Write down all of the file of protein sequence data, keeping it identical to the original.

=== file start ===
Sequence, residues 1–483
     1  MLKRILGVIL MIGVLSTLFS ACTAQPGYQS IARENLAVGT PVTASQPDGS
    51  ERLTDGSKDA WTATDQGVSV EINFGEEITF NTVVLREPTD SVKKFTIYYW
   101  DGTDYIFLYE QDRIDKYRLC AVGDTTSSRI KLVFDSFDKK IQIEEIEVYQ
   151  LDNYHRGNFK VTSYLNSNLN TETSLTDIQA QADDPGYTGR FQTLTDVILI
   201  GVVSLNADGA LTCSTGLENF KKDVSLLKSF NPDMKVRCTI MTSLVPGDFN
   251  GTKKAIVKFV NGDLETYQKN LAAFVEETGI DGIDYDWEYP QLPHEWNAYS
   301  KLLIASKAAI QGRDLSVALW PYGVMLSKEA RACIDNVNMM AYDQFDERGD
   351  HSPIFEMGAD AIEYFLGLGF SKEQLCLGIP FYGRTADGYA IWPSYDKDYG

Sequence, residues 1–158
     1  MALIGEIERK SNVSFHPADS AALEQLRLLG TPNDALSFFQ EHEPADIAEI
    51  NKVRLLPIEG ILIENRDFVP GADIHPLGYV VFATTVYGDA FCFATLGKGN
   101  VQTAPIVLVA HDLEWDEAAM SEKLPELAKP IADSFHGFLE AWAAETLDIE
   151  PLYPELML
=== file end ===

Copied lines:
Sequence, residues 1–483
     1  MLKRILGVIL MIGVLSTLFS ACTAQPGYQS IARENLAVGT PVTASQPDGS
    51  ERLTDGSKDA WTATDQGVSV EINFGEEITF NTVVLREPTD SVKKFTIYYW
   101  DGTDYIFLYE QDRIDKYRLC AVGDTTSSRI KLVFDSFDKK IQIEEIEVYQ
   151  LDNYHRGNFK VTSYLNSNLN TETSLTDIQA QADDPGYTGR FQTLTDVILI
   201  GVVSLNADGA LTCSTGLENF KKDVSLLKSF NPDMKVRCTI MTSLVPGDFN
   251  GTKKAIVKFV NGDLETYQKN LAAFVEETGI DGIDYDWEYP QLPHEWNAYS
   301  KLLIASKAAI QGRDLSVALW PYGVMLSKEA RACIDNVNMM AYDQFDERGD
   351  HSPIFEMGAD AIEYFLGLGF SKEQLCLGIP FYGRTADGYA IWPSYDKDYG

Sequence, residues 1–158
     1  MALIGEIERK SNVSFHPADS AALEQLRLLG TPNDALSFFQ EHEPADIAEI
    51  NKVRLLPIEG ILIENRDFVP GADIHPLGYV VFATTVYGDA FCFATLGKGN
   101  VQTAPIVLVA HDLEWDEAAM SEKLPELAKP IADSFHGFLE AWAAETLDIE
   151  PLYPELML